As far as is known, Höcke first publicly used the SA saying at the end of a 2021 election campaign speech in Merseburg, Saxony-Anhalt. In December 2023 she repeated the slogan indirectly. During a speech he asked his audience in Gera to use the slogan: Höcke complained about his trial for the slogan “Everything for…” and asked the audience to complete the SA slogan with a hand gesture. The audience responded loudly: “…Germany!”

The court also included this event in the indictment last week. Initially, Höcke was only charged for the first use of it from a criminal point of view, probably not doing himself any favors by repeating the slogan or with his statements on social media.

The historian Martin Sabrow spoke in the publishing house Germany about the use of the SA slogan, coined in 1934 in “Ehrendaggerche”: “Höcke plays with the provocative ambiguity of this slogan, which only reveals its real violence in a performative way, that is, in the context. from its use as a pathetic slogan. From his point of view, it is difficult to say whether the Merseburg listeners who heard Höcke's election campaign speech were aware of the poisonous integration into a seemingly harmless appeal – “but the listeners who completed the chanted slogan by Höcke in Gera with an enthusiastic response it certainly did.

The charges were slow to arrive

Criminal lawyers were surprised that it had taken so long for the prosecution to file charges, because the case is not really complicated or controversial from a criminal law point of view. Former BGH judge Thomas Fischer described the long duration of the trial as “unusual” and criminal law professor Mohamad El-Ghazi was also surprised. After all, it is difficult for a history professor and a far-right extremist to claim historical ignorance.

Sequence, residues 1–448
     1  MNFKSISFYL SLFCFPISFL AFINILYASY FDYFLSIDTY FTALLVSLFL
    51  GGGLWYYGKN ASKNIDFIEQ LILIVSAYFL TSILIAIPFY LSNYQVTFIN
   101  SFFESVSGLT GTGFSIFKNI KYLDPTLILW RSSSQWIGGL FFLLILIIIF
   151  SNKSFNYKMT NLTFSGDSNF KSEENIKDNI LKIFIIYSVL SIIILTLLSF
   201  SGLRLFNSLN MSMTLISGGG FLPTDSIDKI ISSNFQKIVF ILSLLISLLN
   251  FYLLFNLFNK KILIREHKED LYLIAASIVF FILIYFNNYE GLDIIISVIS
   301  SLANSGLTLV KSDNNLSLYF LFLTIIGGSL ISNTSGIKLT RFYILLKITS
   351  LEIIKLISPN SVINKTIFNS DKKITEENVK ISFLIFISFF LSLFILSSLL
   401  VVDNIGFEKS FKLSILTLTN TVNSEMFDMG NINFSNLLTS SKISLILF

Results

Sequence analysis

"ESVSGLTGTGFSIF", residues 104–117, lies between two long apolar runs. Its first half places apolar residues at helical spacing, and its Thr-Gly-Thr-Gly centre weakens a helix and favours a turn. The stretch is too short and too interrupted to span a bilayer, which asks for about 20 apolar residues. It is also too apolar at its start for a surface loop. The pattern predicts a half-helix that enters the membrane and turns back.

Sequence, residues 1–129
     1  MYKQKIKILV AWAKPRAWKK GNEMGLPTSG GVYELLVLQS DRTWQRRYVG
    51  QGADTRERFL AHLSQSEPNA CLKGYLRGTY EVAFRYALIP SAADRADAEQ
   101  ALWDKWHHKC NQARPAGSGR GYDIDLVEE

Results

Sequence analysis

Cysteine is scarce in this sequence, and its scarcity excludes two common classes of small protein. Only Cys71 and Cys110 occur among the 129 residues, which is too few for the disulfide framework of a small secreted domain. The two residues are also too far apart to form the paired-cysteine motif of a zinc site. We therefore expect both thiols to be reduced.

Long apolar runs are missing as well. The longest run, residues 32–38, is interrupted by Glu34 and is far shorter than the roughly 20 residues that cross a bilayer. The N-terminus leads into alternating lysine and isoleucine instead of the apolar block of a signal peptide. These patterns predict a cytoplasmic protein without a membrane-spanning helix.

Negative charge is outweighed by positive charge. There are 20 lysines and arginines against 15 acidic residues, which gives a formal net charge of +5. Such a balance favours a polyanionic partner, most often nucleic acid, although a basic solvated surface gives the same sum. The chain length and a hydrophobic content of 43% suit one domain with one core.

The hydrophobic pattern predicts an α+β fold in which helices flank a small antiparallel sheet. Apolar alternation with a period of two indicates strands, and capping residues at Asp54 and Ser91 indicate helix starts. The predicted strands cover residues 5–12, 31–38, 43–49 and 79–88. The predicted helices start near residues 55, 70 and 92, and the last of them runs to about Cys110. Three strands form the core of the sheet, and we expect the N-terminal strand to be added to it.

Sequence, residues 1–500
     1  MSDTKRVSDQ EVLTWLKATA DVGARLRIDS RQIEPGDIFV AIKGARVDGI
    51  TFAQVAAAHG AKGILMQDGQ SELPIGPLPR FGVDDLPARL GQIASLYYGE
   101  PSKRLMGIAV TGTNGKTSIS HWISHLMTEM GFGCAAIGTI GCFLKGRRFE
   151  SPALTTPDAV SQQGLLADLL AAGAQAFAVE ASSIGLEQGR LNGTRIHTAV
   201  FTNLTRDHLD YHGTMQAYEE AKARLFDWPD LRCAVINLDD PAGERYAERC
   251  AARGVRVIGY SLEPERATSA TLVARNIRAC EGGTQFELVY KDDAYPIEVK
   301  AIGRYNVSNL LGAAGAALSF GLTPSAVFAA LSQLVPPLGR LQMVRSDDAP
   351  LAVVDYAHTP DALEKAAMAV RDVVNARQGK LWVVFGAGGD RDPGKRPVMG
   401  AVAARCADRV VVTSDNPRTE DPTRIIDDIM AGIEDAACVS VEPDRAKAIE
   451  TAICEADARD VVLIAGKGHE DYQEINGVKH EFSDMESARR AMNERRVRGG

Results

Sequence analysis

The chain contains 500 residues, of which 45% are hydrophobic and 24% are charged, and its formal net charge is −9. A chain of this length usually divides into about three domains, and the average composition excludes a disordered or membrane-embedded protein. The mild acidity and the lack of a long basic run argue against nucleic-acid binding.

Although Höcke probably wants to do it, it does not seem very convincing: in the context of the AfD there was already a wide debate in 2017 about the same SA slogan in relation to the AfD. At that time, AfD politician Ulrich Oehme printed the slogan on posters. Oehme covered the posters after a criminal complaint and extensive media coverage.

And the question of criminal liability is also considered to be clarified: there is already a ruling by the Higher Regional Court in Hamm from 2006 on a similar matter. The court convicted a person because he had used exactly the slogan “Everything for Germany.” The Bundestag's investigative service also considers “the use of the phrase 'Everything for Germany' in a speech at a meeting” to be a “punishable statement”, “since it was the SA slogan.” The use of symbols of unconstitutional and terrorist organizations is punishable under article 86a with a prison sentence of up to three years or a fine.

Under no circumstances can Höcke lose his right to defend himself as a result of the proceedings: this would require a misdemeanor with a minimum sentence of one year or more. A petition with 1.7 million signatures is currently calling for the far-right to be deprived of his right to vote.